Eyes Full of Pornography
Dan and Matthew welcome you to sit down and make yourself comfortable, as they recall how they first met one sultry summer night 11 years ago in Greenwich Village. Matthew was nervously making his first venture onto the gay scene when bartender Dan leant over and whispered in his ear the chilling words which would change his life forever.
Michael Ross is a British playwright and comedy writer who studied with the Royal Court Theatre’s Young Writers Programme and whose work has been performed in London, Edinburgh and in Melbourne, Australia. His plays include Happy To Help, a satire on the supermarket industry produced at the Park Theatre, London, with the script published by Bloomsbury Methuen Drama, and a new version of Lorca’s Blood Wedding for Anglia Ruskin University earlier this year. This is his first production in New York.
A BIT ABOUT THE PLAYWRIGHT
1. When did you start writing plays? If you had a moment where you realized you wanted to write, what was it?
I wrote stories from a very young age, so I’ve always loved storytelling. I settled on drama as a result of getting involved in school plays and youth theater as a teenager. I loved the camaraderie and excitement of putting on a show and for a while the desire to be an actor briefly took over, but I eventually realised my limitations and that what I much preferred to do was to write the stories rather than perform them.
2. How did you come to write your OOB play? Was there a particular inspiration behind its creation? How has it developed?
It grew from an odd moment I had wandering down Charing Cross Road in London a few years ago. A well dressed, respectable looking middle-aged woman stopped me and enquired “Can I ask you a question?” Despite living in the city most of my life I am notoriously terrible at geography so I said “yes, of course” but braced myself for a request for directions which I probably couldn’t answer, but instead she asked “Do you know why the blood of Jesus poured out of him on the cross?” It was such a bizarre choice of words that it stuck with me, and through the mysterious alchemy of writing it somehow eventually became a play about two men who run a sinister religious cult and about how cruel, nonsensical and hypocritical is the religious compulsion to condemn homosexuality, which I will never for the life of me ever understand or respect.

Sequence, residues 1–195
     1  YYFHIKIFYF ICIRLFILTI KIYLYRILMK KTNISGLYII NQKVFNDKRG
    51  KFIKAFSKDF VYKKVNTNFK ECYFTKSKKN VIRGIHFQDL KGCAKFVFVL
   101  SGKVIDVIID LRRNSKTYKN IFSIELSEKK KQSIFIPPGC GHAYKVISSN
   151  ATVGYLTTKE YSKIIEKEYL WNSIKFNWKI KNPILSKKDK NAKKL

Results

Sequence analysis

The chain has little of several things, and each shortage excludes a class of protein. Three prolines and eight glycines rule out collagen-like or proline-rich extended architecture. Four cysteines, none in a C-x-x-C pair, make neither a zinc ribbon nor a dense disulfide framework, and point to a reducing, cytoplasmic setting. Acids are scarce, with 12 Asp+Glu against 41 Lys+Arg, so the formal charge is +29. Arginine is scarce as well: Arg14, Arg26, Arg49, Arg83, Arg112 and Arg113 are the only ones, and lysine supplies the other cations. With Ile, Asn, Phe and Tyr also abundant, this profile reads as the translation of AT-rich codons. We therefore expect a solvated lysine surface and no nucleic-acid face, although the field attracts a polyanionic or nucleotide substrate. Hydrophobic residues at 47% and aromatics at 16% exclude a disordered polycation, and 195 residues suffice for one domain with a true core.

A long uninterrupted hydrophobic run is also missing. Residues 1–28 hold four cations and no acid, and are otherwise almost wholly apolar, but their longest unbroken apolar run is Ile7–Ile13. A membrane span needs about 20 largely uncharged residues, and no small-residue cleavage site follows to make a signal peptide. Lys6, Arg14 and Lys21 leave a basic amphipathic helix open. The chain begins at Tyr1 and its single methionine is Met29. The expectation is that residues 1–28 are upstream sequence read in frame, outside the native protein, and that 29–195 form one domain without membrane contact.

3. What are 5 words that describe who you are as a playwright?
Determined, driven, stubborn, possibly delusional.
4. What/who are some of the major influences on your writing?
Harold Pinter was a huge early influence- he completely opened my eyes to the unique power of theater to play with notions of reality and the unreliability of memory. Tom Stoppard, Tony Kushner, Caryl Churchill and Howard Brenton who all prove that you can be imaginative, playful and entertaining whilst also being unashamedly intellectual, and David Mamet both for his mastery of dramatic dialogue and his refreshingly no-nonsense, unromantic approach to the writing process. From other mediums, my influences include George Orwell, T.S Eliot, Philip Larkin, Woody Allen, Nabokov, Philip Roth, Martin Amis and Charlie Kaufman.
5. What’s one fact someone would never guess about you?
I once appeared on screen with Brad Pitt. Whilst a student I did occasional work as a film and TV extra in London, and my most memorable job was in the cockney gangster film Snatch in 2000. I am nobody’s idea of an East End tough, but if you freeze-frame and look really hard at the boxing match scene towards the end of the film you can maybe just about see me amongst the cheering crowd of spectators. It was three long days in a huge warehouse with a shirtless Mr Pitt and flying visits to the set from Jennifer Aniston and Madonna (who was married to the film’s director at the time).
6. What are some of your favorite plays?
No Man’s Land by Harold Pinter, The Treatment by Martin Crimp, Oleanna by David Mamet, Travesties by Tom Stoppard, Angels In America by Tony Kushner, The Designated Mourner by Wallace Shawn, Mirror Teeth by Nick Gill, Contractions by Mike Bartlett, Body Awareness by Annie Baker, Thom Pain (based on nothing) by Will Eno.
7. Any new projects you’re working on or shameless plugs?
A one man play called The Shy Manifesto which is being performed in London, and hopefully going out on tour over the next year. It’s about a 17 year old boy who wants to start a political movement to advance the cause of shy people across the world, and it stars a very talented actor, Theo Ancient, on his nights off from playing Harry Potter’s son in The Cursed Child in the West End.